by Dinah Meitzen-Mittelstedt President of the Senior Class of ’64
Mar 29, 2013 | 1708 views | 0 0 comments | 10 10 recommendations | email to a friend | print

Forty-nine years ago, the Refugio High School class of 1964 participated in an unthinkable act of prejudice. The party was held at the country club. It was to be the party of all parties celebrating the high school graduation of a group of Refugio’s finest young students. There were many spoken and unspoken messages from our parents and from the community; and hopes were high that we would go off into the world and make good names for ourselves and consequently a good name for the town of Refugio.

Those young people who arrived at the party were delirious with happiness and pride. They were graduated. They were grown. They were looking forward to going off to college or getting a job or going into the military. They were ecstatic. But soon upon arrival at the party the excitement and pride diminished into shame and sadness.

Friends and classmates of color were not present. I remember standing beside one of my friend’s mothers at the punch bowl and asking about the absences of several classmates. I was told they were having parties elsewhere. My first thoughts were that “they”, my friends and classmates, preferred different parties. But as I began looking around, I began to realize that the ones who were missing were not Caucasian. I voiced my suspicions to my date. He was also upset.

We should have left. We should have rounded up all our classmates and left the party to go in search of our missing classmates. But we didn’t. Whether we were simply stunned or perhaps too polite to walk away from parents who were hosting I don’t know. Instead, my date and I and most of our fellow classmates of like color/race stayed at the party intoxicating ourselves with thoughts of our new adulthood and our anticipated brilliant futures.

There was no returning to school to discuss or process it or to apologize. There were visiting relatives at my house as there probably were at other kids’ houses. There were gifts still to be opened and a three-day trip to San Antonio given to me and several close girl friends by our parents. And then there was all that packing and getting ready to leave home and trips to the beach and communicating with the new college roommate and finishing up odd-jobs or going to summer jobs or simply lazing around in the summer sun before saying our final goodbye’s. It was a fast summer and the last summer of our childhood. The unthinkable deed went unresolved.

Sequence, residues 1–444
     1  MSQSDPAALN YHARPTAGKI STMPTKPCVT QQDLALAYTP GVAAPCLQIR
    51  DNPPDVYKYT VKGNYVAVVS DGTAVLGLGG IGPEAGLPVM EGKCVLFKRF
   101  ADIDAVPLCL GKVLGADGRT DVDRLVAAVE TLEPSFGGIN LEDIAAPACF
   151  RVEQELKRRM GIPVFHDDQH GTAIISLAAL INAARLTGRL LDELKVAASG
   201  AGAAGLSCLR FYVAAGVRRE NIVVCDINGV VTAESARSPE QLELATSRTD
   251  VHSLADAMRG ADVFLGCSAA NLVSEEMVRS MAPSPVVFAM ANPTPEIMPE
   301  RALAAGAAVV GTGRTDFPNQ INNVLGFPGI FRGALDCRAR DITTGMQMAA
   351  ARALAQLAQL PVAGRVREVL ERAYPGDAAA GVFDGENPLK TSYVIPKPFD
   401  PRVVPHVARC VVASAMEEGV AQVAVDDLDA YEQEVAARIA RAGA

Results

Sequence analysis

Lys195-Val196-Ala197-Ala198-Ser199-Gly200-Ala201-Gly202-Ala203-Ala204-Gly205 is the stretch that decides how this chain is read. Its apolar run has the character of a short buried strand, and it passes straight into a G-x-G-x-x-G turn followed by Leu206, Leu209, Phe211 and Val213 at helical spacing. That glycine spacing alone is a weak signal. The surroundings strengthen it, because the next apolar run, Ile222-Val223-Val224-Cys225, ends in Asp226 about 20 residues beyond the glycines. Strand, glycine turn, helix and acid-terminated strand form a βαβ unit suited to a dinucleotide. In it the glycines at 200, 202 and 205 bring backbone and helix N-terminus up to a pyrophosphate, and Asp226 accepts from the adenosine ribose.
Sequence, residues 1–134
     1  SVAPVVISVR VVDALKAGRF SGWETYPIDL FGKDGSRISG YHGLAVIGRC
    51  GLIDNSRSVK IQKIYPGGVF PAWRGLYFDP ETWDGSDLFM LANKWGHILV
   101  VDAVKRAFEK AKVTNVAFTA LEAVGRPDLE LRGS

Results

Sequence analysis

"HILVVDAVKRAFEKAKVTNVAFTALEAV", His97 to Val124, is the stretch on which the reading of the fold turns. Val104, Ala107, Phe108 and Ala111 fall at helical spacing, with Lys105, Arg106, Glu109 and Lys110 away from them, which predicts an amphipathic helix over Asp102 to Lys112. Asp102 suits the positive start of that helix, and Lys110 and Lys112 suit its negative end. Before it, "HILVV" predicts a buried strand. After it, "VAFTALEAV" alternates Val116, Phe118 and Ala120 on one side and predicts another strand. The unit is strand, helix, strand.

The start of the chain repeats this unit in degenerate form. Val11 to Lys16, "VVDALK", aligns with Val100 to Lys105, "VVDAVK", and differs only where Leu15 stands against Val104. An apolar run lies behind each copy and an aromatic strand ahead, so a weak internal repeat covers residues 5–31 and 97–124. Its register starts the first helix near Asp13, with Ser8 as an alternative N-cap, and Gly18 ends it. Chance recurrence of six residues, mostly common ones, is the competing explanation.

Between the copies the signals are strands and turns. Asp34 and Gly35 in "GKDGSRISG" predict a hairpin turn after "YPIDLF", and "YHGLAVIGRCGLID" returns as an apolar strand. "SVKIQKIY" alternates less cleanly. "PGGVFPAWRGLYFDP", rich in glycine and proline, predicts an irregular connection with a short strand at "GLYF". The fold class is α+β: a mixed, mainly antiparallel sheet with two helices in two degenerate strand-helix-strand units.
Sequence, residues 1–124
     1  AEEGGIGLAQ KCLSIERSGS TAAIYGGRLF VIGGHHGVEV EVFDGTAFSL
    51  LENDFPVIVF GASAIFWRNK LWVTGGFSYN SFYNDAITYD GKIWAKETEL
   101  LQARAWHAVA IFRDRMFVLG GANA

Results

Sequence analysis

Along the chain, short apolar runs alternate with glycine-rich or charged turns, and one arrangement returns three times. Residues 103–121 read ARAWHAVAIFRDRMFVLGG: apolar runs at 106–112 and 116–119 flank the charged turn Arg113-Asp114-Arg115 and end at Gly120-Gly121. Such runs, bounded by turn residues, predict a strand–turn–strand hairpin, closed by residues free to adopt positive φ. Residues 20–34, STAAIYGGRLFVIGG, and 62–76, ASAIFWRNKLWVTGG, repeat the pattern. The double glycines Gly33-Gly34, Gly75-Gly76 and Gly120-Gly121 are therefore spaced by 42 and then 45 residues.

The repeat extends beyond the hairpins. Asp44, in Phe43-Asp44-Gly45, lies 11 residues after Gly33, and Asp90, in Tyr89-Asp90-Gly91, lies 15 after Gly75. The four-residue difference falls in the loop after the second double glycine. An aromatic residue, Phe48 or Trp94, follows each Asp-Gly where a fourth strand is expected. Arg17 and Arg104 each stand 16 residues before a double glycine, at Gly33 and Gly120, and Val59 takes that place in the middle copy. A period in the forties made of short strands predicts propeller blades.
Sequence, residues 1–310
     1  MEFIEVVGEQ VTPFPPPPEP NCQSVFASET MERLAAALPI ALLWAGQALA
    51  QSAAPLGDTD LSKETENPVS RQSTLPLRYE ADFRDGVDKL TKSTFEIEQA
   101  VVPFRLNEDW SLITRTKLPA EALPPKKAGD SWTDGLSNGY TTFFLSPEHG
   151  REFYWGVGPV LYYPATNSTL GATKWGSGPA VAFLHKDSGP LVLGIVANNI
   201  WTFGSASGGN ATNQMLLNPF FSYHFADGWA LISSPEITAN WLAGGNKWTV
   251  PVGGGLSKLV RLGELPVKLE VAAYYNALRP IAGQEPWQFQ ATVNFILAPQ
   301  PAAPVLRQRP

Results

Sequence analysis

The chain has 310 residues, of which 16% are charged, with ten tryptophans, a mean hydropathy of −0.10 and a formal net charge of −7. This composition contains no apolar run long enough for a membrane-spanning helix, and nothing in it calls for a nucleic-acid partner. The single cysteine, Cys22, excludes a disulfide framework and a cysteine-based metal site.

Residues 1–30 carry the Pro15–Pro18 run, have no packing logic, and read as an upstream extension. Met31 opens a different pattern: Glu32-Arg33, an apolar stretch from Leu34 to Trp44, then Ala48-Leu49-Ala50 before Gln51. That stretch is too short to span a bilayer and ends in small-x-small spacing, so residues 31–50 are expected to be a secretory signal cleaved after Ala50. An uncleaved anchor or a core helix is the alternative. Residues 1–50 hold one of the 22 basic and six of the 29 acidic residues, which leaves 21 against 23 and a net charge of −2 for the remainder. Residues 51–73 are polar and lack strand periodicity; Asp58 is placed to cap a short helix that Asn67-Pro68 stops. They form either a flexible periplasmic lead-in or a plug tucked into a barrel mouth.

It has remained our shame for all these 49 years. Those same kids that were not allowed at the “white party” became teachers and preachers and soldiers and pilots and sailors and nurses and doctors and part of the respectable working class.

The class of ‘64 has been fortunate in that we have survived many things and many have been able to return home to reminisce about the good ‘ol days. But this has hung over our heads for all these years and many who were injured have not returned to reminisce with us. And just as those kids were hurt, so were their parents. After all, they lived and worked and contributed to hometown Refugio. But like their graduating children, they felt the sting of prejudice. And yet they were silent.

Hopefully, nothing like this is still happening in Refugio. Hopefully, all colors, races and creeds are respected. Hopefully the losses of friendships, of trust can serve as lessons to this generation. Hopefully, we can grow past our prejudices and learn to live in harmony with each other as we were taught so many years ago when we learned the words to a Christian song: “Red and yellow, black and white, we are precious in His sight; Jesus loves the little children of the world.”

On behalf of the Refugio High School Class of 1964 and on behalf of our offending parents, I apologize to the classmates and friends who were wounded and to their parents who always treated us so well and so fairly. I humbly ask for your forgiveness.

The Class of ‘64 is meeting again at 11:30 a.m. Sat., April 13 for luncheon at Charlotte Plummer’s Restaurant in Rockport. Classmates are asked to RSVP to so that we can get a proper count for reservations at the restaurant. We are in hopes that classmates/friends who have heretofore not been present will attend this reunion.

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